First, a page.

I sit with parents and prospective students every month who are curious about majoring in youth ministry at Bethel College. More often than not, the student is very excited about his or her interest in youth work, but the parents are more hesitant to see their son or daughter choose that their major in college. The concerns generally range from whether they can earn a living in youth ministry, or whether they should major in a real degree so they have something to fall back on ( I presume the concern is that they may fail and youth ministry, or get chewed up like many do in local congregations).
These are valid concerns, however I think they also tell more about the economic pressure we feel when facing correlation versus anything else. As I stated in a previous post, I think we have begun to see higher education more as a means to be productive financially versus a process to become educated and wireless. And the reality is that not many people actually were in the area the major in while attending college. I am always amazed that youth ministry as a degree tends to get higher scrutiny than degrees like music (what I majored in), or history, or even psychology (the second most popular major for college students) that requires an additional Masters degree in order to work in that world.
My argument is that you should major in the degree do you feel like you are supposed to, that God has called you to major in, and work to become the best educated person you can become. If it’s music, great. History? Superb. Psychology? Fantastic. Youth ministry? You bet.
Though some say college is a business decision, it is not. it can be, if your goal is simply to make money, but you will find that when you turned my age you will wonder if that’s the right goal. There is an oft-quoted interview of Ted Turner by Barbara Walters and she asked what it was like to be so wealthy. His response was “It’s like a paper bag. Everyone sees the bag. Everyone wants it. Once you get the bag, you discover that the bag is empty.”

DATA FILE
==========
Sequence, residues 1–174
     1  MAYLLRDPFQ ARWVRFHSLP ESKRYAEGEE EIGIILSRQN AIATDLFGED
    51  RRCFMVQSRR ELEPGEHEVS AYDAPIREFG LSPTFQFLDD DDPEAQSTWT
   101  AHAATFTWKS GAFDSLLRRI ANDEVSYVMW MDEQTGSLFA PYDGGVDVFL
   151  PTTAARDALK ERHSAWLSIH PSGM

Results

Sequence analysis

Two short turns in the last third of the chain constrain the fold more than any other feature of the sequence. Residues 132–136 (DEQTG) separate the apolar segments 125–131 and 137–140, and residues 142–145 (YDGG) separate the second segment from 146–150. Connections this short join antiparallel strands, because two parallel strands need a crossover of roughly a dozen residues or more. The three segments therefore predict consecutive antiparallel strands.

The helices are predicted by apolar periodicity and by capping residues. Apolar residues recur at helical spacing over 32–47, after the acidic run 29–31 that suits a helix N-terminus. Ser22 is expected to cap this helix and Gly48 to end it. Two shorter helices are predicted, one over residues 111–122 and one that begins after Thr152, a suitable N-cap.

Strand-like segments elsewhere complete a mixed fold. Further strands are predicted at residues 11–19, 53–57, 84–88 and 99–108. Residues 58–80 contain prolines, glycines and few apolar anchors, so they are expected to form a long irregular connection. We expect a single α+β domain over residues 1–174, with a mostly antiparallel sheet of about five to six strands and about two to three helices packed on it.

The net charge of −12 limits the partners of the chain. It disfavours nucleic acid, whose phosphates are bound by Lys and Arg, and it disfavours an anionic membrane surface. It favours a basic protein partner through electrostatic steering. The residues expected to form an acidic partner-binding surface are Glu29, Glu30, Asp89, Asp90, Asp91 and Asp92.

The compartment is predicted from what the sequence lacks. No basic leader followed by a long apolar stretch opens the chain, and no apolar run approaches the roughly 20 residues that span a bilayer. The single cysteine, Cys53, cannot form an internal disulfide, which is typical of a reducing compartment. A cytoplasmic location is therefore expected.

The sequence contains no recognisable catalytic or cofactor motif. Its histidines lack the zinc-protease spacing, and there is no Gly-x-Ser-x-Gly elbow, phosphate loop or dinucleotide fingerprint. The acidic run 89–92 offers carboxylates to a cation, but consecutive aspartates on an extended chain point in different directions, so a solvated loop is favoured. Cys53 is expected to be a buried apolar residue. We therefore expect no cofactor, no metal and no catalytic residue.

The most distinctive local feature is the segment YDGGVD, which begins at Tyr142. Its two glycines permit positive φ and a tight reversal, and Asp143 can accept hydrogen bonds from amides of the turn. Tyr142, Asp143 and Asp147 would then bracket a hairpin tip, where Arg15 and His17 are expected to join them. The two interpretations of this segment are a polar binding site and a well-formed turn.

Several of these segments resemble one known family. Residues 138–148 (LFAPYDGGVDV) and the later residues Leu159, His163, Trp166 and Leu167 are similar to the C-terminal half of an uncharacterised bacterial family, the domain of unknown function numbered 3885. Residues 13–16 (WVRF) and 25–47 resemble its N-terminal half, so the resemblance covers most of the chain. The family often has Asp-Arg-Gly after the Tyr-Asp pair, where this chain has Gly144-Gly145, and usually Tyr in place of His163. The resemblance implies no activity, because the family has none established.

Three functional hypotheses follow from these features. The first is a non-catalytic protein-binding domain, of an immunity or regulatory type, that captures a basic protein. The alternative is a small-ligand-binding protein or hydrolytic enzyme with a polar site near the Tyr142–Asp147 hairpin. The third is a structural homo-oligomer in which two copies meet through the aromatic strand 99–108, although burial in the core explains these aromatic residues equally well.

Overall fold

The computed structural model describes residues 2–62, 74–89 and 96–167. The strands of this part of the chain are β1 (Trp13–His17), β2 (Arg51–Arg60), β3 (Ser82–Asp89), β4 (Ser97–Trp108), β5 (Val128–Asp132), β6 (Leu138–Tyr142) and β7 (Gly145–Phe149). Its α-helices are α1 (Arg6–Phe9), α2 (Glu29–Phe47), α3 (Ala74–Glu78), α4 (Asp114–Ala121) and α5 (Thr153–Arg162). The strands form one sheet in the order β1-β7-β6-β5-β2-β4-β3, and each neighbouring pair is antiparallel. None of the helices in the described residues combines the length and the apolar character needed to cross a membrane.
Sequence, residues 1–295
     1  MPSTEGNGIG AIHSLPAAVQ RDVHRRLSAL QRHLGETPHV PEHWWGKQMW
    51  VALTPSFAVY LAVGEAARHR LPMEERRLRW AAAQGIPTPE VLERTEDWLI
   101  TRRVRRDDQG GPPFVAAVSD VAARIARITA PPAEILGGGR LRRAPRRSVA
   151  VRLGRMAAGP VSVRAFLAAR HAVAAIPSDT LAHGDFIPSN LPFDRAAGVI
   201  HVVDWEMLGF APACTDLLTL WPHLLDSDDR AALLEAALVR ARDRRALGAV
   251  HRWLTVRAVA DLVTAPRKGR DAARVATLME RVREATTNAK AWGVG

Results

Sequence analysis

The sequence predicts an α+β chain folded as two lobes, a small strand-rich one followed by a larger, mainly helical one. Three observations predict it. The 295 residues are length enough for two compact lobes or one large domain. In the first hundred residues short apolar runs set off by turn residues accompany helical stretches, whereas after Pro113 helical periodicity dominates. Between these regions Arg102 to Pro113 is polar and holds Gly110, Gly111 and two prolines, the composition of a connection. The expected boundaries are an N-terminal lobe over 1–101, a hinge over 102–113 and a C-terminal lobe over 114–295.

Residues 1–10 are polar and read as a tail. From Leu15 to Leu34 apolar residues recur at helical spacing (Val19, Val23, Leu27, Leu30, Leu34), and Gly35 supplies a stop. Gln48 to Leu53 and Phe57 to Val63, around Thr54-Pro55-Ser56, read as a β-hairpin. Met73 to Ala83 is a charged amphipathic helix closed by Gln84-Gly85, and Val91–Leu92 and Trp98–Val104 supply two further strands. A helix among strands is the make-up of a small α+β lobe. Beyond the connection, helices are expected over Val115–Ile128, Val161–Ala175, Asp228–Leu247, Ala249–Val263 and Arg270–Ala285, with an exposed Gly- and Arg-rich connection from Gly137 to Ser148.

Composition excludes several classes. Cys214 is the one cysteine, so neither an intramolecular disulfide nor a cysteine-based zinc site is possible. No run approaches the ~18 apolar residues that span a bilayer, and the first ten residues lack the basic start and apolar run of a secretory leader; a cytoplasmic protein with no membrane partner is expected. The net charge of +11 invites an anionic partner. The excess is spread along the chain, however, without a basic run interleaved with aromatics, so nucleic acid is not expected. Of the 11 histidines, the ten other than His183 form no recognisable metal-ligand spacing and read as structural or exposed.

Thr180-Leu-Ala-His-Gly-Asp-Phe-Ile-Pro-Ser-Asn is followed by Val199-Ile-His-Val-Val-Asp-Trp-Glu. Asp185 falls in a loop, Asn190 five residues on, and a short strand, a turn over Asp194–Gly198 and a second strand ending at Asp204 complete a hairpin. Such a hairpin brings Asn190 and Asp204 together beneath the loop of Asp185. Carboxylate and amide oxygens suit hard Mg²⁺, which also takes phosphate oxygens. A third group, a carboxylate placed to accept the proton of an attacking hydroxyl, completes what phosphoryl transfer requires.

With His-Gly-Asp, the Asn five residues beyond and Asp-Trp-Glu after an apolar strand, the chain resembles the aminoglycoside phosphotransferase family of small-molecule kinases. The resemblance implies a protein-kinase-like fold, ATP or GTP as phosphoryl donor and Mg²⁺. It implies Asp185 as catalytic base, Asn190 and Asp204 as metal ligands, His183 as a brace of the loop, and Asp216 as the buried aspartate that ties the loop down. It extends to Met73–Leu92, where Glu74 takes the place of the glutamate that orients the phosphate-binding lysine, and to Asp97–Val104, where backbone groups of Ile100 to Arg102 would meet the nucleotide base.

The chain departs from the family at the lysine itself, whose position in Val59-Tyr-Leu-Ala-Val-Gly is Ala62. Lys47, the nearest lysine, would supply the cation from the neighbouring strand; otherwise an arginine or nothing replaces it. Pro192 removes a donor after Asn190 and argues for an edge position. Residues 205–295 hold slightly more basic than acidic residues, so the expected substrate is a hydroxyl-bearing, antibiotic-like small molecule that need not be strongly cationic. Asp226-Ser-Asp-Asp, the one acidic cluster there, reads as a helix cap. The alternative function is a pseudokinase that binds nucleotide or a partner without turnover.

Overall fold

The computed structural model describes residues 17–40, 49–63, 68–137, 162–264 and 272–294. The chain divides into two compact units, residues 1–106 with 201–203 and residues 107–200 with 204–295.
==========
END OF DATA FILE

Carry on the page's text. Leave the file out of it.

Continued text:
I have been reflecting on how brief life is now that I’m in my midlife years, and I am more convinced than ever that we should pursue what matters to us and that part of what matters is the pursuit of wisdom. The goal of college education is to be shaped and formed, to learn an area of content, and to fully be who God is created you to be.
Stephanie Rorie, the Group Life & Family Care Coordinator for Granger Student Ministries, is a graduate of our youth ministry program at Bethel. She e-mailed me the other day and commented that she is one of the few of her friends who are actually working in the field that she majored in while in college. I tell parents all of the time that youth work is a growing field and that there are numerous types of jobs and openings out there for a college educated and mature youth worker. Stephanie has been very successful in her work at Granger Community Church since her graduation and she is balancing family and ministry leadership very well.
If you look around at many of the prominent Christian leaders who are influential today and you look back in their history of ministry, you will often find that youth work was the foundation starting point. Youth ministry is a fantastic degree for those interested in various forms of ministry. It prepares you for national leadership, cross-cultural expertise, and innovative teaching. You will learn how to connect interpersonally with people you’ve never met, you will learn how to team with community leaders and counselors to provide holistic opportunities. And you will grow in your ability to communicate Scripture to everyday life. That sounds like a list of pretty marketable skills in a variety of potential directions.
I will post a series of follow-ups to this to create a small wiki about youth ministry as a college major. You are welcome to jump in and help me do so.